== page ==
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Barbican Apartment by Takero Shimazaki Architects
Alexander Zaxarov
Dec 22, 2020

The new apartment designed by Takero Shimazaki Architects project at the Shakespeare tower in the Barbican, London, developed through the initial conversations with its new owners, who previously had lived in Japan for many years.

Two owners of the apartment had moved in after several years of living in Japan, during which they accrued an "extraordinary" knowledge of the country's culture and language. South London-based practice Takero Shimazaki Architects used this as a starting point for its overhaul of the apartment. It worked to achieve a delicate balance between Japanese aesthetics and the brutalist style of the estate's buildings.

Due to the client’s experience of living in Japan, the interior references Japanese design, including the use of sliding timber screens and tatami mats. Other elements include a non-structural terrazzo column that sits at the center of the plan that would act as a bridge between the two contrasting languages of this interior architecture.

"For our inspiration, we looked towards many of the early modernist Japanese architects, who were dealing with similar issues of identity when European modernism was entering Japan at rapid speed," said the practice.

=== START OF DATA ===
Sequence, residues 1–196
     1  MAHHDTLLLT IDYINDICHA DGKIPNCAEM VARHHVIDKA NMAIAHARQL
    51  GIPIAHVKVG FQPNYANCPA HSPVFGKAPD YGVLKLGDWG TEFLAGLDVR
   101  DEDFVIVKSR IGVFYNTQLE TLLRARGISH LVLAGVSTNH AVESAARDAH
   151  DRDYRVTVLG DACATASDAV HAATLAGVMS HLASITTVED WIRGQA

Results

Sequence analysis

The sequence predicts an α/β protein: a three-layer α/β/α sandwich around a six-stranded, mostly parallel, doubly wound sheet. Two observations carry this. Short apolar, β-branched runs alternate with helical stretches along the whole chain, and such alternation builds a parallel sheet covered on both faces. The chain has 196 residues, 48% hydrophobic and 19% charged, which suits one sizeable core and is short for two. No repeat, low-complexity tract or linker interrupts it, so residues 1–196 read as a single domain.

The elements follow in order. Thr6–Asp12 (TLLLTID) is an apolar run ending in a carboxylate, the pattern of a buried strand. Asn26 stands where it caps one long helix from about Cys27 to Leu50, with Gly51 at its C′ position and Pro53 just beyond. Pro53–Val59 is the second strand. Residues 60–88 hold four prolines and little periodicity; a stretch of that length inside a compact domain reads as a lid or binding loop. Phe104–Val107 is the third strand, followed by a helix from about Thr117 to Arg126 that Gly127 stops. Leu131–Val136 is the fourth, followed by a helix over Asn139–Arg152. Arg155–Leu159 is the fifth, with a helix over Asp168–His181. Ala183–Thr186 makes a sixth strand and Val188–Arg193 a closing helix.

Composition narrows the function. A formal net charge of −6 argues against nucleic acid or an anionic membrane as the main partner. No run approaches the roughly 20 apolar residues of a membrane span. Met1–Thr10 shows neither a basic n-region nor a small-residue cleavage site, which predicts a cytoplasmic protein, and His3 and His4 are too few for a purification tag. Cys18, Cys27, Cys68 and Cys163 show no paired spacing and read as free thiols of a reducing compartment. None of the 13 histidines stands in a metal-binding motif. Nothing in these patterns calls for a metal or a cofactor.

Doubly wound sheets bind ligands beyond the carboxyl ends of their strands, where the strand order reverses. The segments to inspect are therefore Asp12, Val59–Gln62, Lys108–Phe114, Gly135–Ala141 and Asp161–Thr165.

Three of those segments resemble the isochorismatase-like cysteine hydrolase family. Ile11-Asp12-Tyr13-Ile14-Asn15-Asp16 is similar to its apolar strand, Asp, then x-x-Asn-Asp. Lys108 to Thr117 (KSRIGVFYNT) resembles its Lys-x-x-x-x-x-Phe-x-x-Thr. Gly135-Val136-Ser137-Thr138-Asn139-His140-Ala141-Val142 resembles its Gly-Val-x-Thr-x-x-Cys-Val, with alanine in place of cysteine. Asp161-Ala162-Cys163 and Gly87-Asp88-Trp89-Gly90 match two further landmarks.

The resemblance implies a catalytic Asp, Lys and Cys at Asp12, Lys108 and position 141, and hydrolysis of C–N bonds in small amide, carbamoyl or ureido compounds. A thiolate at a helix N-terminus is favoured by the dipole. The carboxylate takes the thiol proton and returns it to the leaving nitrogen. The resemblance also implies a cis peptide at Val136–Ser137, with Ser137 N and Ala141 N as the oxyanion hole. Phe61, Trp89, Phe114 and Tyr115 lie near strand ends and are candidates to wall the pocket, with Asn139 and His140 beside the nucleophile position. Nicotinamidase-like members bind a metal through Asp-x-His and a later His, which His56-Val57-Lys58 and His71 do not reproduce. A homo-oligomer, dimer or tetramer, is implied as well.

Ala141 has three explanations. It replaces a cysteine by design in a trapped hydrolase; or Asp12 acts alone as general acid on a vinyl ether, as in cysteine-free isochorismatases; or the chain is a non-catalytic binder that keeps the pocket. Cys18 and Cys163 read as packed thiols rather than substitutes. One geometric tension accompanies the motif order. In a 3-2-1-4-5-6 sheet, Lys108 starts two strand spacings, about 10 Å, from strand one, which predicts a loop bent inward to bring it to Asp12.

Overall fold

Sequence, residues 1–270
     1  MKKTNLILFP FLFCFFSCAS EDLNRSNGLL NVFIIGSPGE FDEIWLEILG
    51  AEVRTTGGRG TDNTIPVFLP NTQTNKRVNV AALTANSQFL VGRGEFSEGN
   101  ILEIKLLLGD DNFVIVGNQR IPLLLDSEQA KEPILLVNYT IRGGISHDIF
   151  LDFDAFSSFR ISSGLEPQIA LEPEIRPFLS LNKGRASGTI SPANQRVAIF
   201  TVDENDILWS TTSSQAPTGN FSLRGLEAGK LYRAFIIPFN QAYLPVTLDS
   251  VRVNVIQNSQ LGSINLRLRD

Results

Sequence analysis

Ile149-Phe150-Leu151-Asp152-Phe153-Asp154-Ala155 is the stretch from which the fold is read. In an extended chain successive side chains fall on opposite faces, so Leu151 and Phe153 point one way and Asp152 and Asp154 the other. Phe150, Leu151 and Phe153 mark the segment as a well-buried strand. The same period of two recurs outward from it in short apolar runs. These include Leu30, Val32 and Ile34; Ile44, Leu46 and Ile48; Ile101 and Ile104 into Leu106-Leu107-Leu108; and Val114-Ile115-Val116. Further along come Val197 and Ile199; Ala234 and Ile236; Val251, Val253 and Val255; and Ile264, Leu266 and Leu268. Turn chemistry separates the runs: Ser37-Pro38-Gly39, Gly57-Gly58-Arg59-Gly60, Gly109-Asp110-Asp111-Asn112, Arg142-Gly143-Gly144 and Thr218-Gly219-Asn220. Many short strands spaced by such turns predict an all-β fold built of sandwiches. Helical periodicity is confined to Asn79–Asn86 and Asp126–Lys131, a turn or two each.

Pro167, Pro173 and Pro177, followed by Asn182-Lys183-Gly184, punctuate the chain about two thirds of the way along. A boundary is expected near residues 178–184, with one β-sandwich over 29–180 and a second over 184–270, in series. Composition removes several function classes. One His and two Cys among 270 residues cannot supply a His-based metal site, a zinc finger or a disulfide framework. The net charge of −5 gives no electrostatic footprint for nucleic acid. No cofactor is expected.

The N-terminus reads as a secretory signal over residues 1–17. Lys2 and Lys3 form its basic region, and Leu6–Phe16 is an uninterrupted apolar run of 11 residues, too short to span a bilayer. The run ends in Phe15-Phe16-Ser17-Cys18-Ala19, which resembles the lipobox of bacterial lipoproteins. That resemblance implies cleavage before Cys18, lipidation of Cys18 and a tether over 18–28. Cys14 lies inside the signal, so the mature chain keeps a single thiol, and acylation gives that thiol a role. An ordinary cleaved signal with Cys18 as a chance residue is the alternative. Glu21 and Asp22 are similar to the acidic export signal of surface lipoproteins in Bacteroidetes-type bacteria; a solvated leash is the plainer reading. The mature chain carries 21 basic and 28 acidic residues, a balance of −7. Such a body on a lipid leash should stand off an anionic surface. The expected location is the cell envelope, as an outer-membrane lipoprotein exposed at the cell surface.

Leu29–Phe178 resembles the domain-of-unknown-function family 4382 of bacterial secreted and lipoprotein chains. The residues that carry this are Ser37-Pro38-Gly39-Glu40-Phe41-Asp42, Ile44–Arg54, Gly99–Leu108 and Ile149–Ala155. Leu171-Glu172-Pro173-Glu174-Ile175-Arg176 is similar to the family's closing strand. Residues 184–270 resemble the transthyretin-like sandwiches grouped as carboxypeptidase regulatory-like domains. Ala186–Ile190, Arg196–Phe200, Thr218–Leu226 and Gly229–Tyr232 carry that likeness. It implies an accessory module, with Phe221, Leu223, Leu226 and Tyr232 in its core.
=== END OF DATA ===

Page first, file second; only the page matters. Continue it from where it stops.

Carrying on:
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Alexander Zaxarov
December 22, 2020

The new apartment designed by Takero Shimazaki Architects project at the Shakespeare tower in the Barbican, London, developed through the initial conversations with its new owners, who previously had lived in Japan for many years.

Two owners of the apartment had moved in after several years of living in Japan, during which they accrued an "extraordinary" knowledge of the country's culture and language. South London-based practice Takero Shimazaki Architects used this as a starting point for its overhaul of the apartment. It worked to achieve a delicate balance between Japanese aesthetics and the brutalist style of the estate's buildings.

Due to the client’s experience of living in Japan, the interior references Japanese design, including the use of sliding timber screens and tatami mats. Other elements include a non-structural terrazzo column that sits at the center of the plan that would act as a bridge between the two contrasting languages of this interior architecture.

"For our inspiration, we looked towards many of the early modernist Japanese architects, who were dealing with similar issues of identity when European modernism was entering Japan at rapid speed," said the practice.

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